During and following all three tiers of the 2017 elections, the configurations of power shifted in Nepal, thereby affecting the nature of contention in politics and society. This policy paper analyses the changing nature of peace and conflict in relation to the recent elections and the post-election context.
As conflicting political parties are claiming that the peace process has come to an end (officially taking off with the signing of the Comprehensive Peace Accord in 2006), particularly after the promulgation of the 2015 constitution, this policy paper underscores that claims over jurisdiction and resources between the federal, provincial and local governments are the dominant forms of conflict.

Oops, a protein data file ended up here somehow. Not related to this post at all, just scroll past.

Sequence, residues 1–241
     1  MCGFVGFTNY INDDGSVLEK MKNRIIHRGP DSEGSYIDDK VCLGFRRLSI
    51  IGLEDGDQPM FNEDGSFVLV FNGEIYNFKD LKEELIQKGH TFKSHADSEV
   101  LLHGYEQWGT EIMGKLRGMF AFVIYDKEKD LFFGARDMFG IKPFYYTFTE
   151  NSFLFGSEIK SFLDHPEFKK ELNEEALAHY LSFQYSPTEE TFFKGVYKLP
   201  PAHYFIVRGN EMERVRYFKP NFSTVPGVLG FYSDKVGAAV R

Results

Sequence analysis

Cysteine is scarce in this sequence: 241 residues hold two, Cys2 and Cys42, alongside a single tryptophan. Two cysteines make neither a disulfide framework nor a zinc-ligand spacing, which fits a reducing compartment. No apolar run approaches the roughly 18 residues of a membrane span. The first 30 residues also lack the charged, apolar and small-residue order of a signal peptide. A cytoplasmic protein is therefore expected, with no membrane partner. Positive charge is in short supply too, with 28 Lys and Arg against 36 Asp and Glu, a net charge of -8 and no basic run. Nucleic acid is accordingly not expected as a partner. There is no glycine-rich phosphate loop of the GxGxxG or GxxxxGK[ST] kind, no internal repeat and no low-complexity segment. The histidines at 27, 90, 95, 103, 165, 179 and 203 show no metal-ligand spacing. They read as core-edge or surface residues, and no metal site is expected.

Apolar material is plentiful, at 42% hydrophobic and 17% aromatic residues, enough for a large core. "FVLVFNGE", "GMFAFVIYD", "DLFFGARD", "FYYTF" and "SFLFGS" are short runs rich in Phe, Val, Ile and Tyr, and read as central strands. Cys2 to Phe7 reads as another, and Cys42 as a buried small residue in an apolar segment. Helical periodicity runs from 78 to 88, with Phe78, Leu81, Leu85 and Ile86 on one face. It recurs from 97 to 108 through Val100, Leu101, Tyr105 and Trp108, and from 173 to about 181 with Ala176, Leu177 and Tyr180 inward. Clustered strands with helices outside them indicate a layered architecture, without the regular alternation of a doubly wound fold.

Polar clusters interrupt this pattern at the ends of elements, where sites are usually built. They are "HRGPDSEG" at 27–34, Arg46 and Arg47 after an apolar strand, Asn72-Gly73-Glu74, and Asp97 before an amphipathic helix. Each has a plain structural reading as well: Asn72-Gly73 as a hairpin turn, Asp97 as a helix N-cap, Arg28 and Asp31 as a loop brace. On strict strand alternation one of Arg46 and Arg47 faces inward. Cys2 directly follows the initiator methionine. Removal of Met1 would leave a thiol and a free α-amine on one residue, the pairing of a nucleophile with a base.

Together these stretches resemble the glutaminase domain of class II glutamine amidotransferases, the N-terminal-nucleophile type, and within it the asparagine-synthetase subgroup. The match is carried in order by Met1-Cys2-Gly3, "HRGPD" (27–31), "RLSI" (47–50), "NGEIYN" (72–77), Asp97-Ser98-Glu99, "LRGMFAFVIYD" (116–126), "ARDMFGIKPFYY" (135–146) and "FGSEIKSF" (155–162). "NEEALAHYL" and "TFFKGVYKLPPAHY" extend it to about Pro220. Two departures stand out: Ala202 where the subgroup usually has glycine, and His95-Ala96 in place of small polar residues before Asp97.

The immediate policy priority is clear: sensible cooperation and collaboration in consolidating democracy and peace, and institutionalising federalism. Two urgent responses for conflict resolution would be the formation of a Natural Resources and Financial Commission, as stated in the constitution, and the formulation of federal legislations. The latter should be the basis for ensuring “coexistence, coordination and cooperation” between all three tiers of government, as mentioned but not well defined in the constitution.
This is the first report in our series on federalism in Nepal produced as part of the Sundar Santa Nepal project. You can find the other reports in the series here.
- Author(s):Bhaskar Gautam
- Date:March 2018